A British adventurer attempting to become the first person to cross the Antarctic alone and unsupported has died after collapsing from exhaustion, days from reaching his goal.
Former army officer Henry Worsley was nearing the end of the almost 1,600km trek when he called for help and was airlifted off the ice on Friday.
His family said on Monday that Worsley, 55, died "following complete organ failure" at a hospital in Punta Arenas, Chile. He had undergone surgery a day earlier for bacterial peritonitis - an infection of the tissue lining the abdomen, which can lead to septic shock.
|Worsley is shown in 2008 on the Korridoren glacier in Milne Land, Greenland [The Associated Press]
Pulling supplies on a sled, Worsley was trying to complete Ernest Shackleton's attempt of a century ago to cross the Antarctic via the South Pole. Shackleton's journey turned into a desperate survival mission after his ship, the Endurance, was trapped and sunk by pack ice in 1915, leaving his team stranded.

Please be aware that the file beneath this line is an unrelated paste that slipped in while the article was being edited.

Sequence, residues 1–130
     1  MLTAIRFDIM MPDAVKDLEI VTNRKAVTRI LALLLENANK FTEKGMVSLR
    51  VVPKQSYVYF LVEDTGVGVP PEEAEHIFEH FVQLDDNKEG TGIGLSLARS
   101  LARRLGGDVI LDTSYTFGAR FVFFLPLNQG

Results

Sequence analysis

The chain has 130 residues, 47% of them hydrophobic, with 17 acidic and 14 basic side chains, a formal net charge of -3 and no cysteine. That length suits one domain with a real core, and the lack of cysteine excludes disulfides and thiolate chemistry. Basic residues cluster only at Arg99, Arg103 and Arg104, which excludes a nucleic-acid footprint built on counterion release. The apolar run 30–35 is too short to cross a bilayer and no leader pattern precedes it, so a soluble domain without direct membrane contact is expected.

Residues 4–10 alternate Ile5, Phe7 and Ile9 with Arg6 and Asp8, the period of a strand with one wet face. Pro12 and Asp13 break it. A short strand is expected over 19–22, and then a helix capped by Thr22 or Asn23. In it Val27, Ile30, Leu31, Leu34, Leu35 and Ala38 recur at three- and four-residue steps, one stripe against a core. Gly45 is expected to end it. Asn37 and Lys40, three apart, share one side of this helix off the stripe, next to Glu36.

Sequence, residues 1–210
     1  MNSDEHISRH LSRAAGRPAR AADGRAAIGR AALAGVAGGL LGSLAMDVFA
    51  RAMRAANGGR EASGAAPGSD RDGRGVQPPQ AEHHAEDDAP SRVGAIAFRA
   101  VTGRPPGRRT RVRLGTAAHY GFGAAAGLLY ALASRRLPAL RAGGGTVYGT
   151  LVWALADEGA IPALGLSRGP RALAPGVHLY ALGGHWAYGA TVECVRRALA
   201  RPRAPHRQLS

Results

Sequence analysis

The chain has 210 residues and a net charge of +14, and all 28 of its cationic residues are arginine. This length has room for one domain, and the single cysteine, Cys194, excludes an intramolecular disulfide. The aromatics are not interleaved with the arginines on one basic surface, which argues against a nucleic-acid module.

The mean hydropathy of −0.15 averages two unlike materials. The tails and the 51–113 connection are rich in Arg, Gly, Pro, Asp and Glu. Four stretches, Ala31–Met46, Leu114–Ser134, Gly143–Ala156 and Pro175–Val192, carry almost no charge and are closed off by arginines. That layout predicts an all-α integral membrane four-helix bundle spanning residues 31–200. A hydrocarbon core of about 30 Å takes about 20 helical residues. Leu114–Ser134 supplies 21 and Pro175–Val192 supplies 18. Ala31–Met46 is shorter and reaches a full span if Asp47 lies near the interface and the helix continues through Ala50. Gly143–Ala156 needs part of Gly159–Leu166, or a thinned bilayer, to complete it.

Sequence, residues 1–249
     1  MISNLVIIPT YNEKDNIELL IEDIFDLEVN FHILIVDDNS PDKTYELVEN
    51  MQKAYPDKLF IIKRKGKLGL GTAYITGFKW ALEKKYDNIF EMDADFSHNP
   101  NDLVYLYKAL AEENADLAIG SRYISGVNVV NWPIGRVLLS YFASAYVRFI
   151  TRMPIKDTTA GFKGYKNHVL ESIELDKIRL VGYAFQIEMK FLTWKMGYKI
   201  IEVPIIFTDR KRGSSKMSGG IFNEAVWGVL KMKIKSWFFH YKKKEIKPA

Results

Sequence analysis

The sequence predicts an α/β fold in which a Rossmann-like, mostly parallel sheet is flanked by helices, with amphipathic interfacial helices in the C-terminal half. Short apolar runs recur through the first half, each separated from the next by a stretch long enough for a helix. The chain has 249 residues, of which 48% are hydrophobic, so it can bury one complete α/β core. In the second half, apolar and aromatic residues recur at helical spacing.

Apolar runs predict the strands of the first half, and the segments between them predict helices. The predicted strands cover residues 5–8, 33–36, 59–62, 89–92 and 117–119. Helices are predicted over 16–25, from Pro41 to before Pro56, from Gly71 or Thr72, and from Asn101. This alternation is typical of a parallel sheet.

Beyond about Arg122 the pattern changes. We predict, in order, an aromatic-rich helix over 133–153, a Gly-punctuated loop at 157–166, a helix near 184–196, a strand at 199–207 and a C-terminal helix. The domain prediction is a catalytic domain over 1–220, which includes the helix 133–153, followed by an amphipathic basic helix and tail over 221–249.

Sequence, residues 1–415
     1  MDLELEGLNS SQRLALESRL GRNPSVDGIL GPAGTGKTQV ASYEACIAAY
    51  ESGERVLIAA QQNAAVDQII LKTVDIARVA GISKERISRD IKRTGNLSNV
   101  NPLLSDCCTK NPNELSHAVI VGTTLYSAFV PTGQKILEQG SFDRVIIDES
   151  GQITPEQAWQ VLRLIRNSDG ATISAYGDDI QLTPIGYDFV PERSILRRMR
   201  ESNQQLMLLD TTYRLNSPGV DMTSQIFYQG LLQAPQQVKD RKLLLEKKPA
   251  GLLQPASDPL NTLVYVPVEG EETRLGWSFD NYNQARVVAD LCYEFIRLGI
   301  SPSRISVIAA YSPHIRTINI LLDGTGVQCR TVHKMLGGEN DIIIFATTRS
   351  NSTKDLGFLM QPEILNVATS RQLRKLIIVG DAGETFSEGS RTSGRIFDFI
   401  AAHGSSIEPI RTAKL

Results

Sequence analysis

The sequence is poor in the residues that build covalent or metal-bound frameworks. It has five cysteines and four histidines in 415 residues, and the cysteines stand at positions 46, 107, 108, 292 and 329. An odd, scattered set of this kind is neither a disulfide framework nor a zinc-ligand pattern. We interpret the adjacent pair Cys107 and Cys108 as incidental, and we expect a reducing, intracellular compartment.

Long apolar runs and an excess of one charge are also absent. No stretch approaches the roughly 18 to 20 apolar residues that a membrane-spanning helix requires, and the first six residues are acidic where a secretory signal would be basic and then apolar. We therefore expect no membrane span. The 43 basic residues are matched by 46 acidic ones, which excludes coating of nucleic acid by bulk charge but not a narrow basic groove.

His successful effort to reach help at a remote South Atlantic whaling station and rescue his men is considered a heroic feat of endurance.
Worsley's ancestor, Frank Worsley, was skipper of the Endurance on Shackleton's voyage.
Henry Worsley decided to abandon his journey on Friday after being unable to leave his tent for two days.
"The 71 days alone on the Antarctic with over 900 statute miles covered and a gradual grinding down of my physical endurance finally took its toll today, and it is with sadness that I report it is journey's end - so close to my goal," he said in a final statement from Antarctica.
Shackleton's granddaughter, Alexandra Shackleton, said Worsley's death was "a huge loss to the adventuring world".
Outdoorsman Bear Grylls said he was devastated at the loss of "one of the strongest men [and] bravest soldiers I know".
Prince William, the Duke of Cambridge, a patron of the expedition, said he and his brother, Prince Harry, had lost a friend.
"He was a man who showed great courage and determination and we are incredibly proud to be associated with him," William said.
Worsley's wife, Joanna, said the expedition had raised more than $140,000 for wounded troops.